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Author: By Christie Garton, 1,000 Dreams Fund

3 Big Signs Your Company Discourages Millennial Women

Posted February 24, 2017

They’re tech-savvy, educated and fast problem-solvers. They’re complete workhorses, go-getters with entrepreneurial spirit who won’t take no for an answer. They’re applying to jobs in droves, across the country in all major industries. Oh, and they’re fun to chill with during lunch.

So why do the vast majority of millennial women suspect their resumes are being tossed in the trash?

A whopping 77% percent of women age 18 – 35 say that being “too young” has hurt their chances of landing interviews and employment. The staggering figure comes from a comprehensive survey of American women conducted by 1,000 Dreams Fund and Recruiter.com.

Ageism — especially combined with sexism — is a touchy subject for any employer. (Did your anxiety spike just reading those words?) But it’s a necessary hurdle to overcome: We already know that racial and gender diversity improves company performance, which means that a staff full of identical-looking people likely isn’t functioning at its optimal level.

But we’re now seeing unexpected trends related to gender plus age in the workplace, and the stats imply that you may be inadvertently turning away your best applicants. If any of these 3 statements apply to your business, it’s time to shake things up a bit.

Your resume review process isn’t blind

Like it or not, that initial glance at a gendered name or even a graduation date can influence a hiring manager’s perception of a resume. In nearly all fields, the only criteria that should matter are an applicant’s skills. Forcing recruiters to look only at relevant content can be as simple as painting white-out over names or processing paperwork through a specially-designed software.

Consider this: In order to recruit only the best of the best musicians, symphonies and orchestras often hold auditions from behind a dark screen. Why? Because judges have proven to be improperly swayed by irrelevant factors, most often gender. Introducing the blind process increased female musicians’ chances of advancement by 50%, and the music was all the much sweeter for it. Eliminating biases and focusing solely on skill will produce the best possible team.

During the interview stage, you penalize insecurity

With more time in the workforce comes more confidence, but self-assurance isn’t a guarantee of superiority. Picture a 45-year-old applicant who’s interviewing for a new opening. He’s previously held associate-level positions at three different companies, which means he’s successfully interviewed for jobs at least three times in his life. This guy is probably going to nail his interview: He’s charming, quick, and knows exactly what you want to hear.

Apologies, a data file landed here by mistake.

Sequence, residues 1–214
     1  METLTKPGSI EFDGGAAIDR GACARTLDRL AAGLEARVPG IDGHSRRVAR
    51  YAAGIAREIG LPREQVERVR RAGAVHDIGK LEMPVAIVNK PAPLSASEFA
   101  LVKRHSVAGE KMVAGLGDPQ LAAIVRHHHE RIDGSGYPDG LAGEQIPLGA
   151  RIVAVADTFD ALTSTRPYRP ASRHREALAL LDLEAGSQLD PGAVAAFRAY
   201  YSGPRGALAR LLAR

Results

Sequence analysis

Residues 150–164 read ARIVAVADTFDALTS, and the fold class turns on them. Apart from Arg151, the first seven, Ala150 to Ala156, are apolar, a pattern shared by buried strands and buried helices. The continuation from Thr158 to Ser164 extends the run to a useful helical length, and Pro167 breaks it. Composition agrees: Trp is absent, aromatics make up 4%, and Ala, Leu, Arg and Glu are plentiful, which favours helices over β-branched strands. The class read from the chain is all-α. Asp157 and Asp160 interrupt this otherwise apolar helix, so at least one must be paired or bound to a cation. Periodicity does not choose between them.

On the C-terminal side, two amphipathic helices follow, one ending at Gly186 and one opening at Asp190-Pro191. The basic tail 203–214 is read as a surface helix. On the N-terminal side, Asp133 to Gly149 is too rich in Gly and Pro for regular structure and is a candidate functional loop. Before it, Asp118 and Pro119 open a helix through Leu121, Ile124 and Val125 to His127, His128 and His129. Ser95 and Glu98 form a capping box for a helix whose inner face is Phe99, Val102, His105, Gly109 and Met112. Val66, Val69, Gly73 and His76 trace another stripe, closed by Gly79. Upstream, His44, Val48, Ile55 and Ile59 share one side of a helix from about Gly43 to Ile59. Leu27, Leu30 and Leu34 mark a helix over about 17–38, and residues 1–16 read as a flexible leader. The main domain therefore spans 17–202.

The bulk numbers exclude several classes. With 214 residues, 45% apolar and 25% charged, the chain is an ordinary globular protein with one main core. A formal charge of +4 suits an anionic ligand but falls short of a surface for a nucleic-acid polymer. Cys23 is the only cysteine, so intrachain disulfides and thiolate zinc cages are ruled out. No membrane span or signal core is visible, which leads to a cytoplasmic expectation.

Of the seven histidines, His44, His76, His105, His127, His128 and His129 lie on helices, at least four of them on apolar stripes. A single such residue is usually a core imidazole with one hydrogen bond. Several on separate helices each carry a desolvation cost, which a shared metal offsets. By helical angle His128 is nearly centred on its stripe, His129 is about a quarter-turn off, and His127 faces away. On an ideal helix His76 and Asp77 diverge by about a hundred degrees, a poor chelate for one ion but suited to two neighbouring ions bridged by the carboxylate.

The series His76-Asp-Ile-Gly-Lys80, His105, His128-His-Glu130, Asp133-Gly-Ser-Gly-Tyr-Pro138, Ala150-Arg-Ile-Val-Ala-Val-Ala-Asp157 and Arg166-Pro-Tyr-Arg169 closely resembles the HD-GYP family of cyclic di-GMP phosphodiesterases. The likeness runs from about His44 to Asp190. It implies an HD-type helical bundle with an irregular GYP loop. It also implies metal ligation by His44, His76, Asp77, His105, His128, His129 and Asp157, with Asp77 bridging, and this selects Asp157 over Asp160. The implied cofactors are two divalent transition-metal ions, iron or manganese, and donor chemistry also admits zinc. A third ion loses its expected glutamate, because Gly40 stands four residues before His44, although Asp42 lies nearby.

Now picture a 23-year-old graduate in pursuit of her first full-time job. According to 1000 Dreams Fund’s survey, 75% of young women are “not very confident” in their interviewing skills. In other words, this applicant probably won’t be a smooth-talker — her nervousness will likely show during the interview. She may not hit every key talking point. She may stumble over those sticky questions, like, “What’s your biggest weakness?” (And really, that question is so annoying. It’s got to go.)

Here’s the thing: Behind her jitters, the second applicant might just have a stellar portfolio of graphic designs. She may have the perfect friendly but persuasive demeanor for sales, or maybe she’s a human calculator who can whip your finance department into shape.

The interview does matter in the hiring process, but it’s important to look past small flubs and basic anxiety. Job-searching is intimidating, and there’s a lot on the line for recent grads. Don’t hold their nerves against them.

You encourage competition over competence

No doubt, you want your employees to perform at their best levels — and a spirit of competition fuels their motivation to thrive. But in most workplaces, employees should be competing not against each other, but against themselves: They should feel challenged to be better than they were yesterday.

In an ultra-competitive office, younger employees may feel intimidated by more experienced co-workers. They may avoid interaction and hesitate to reach out for project support or guidance. (For that matter, the opposite is true, too: If you overemphasize the abilities of your newest recruits, older employees may feel discouraged.) This is especially problematic for millennial women as they are are already less likely than men to aspire to top management positions.

Instead, encourage a collaborative environment. Younger staffers should feel comfortable working with established employees — and vice versa! There’s so much that different generations can learn from each other. Reward excellent work without comparing employees’ efforts against one another. Your team will be more driven toward unified success.

Christie Garton is an award-winning social entrepreneur, author and creator of the 1,000 Dreams Fund, a social enterprise which empowers young women in the U.S. through scholarships and life-changing advice.